A biopsy is the only reliable way to diagnose skin cancer, but having good
confidence that a lesion is cancerous before a biopsy can reduce the number of
needless biopsies performed.
A new tool invented by scientists at University of Texas at Austin uses three different mechanisms to image a lesion, potentially providing a new way to spot suspected tumors. It's currently undergoing pilot clinical trials.
The device utilizes Raman spectroscopy, diffuse reflectance spectroscopy, and laser-induced fluorescence spectroscopy at the same time to peer into the lesion.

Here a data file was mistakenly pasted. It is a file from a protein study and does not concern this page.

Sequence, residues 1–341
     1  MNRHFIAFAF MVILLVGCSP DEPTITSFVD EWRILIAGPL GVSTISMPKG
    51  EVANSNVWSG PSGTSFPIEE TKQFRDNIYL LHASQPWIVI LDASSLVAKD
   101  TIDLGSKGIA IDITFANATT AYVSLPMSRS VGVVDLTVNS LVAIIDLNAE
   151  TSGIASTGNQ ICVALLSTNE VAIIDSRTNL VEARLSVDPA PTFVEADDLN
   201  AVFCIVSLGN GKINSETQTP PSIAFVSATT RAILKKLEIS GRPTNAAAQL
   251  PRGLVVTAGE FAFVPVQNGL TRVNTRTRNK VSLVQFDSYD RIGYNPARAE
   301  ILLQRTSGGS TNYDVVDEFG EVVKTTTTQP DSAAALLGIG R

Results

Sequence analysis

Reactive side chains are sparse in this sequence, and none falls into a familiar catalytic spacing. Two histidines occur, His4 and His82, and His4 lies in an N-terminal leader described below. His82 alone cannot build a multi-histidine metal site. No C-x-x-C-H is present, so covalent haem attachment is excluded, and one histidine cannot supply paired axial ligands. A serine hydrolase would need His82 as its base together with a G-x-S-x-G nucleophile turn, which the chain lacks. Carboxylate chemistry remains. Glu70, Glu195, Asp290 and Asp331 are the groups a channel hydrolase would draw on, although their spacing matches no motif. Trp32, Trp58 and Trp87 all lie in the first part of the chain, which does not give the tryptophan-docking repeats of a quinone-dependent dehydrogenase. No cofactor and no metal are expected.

Readings take about five seconds to function using the probe which is only about the size of a pen. It's connected to a computer that does the image processing. The probe is cheap to manufacture, so if clinical trials pan out positively for the new device, the device will hit the medical industry soon.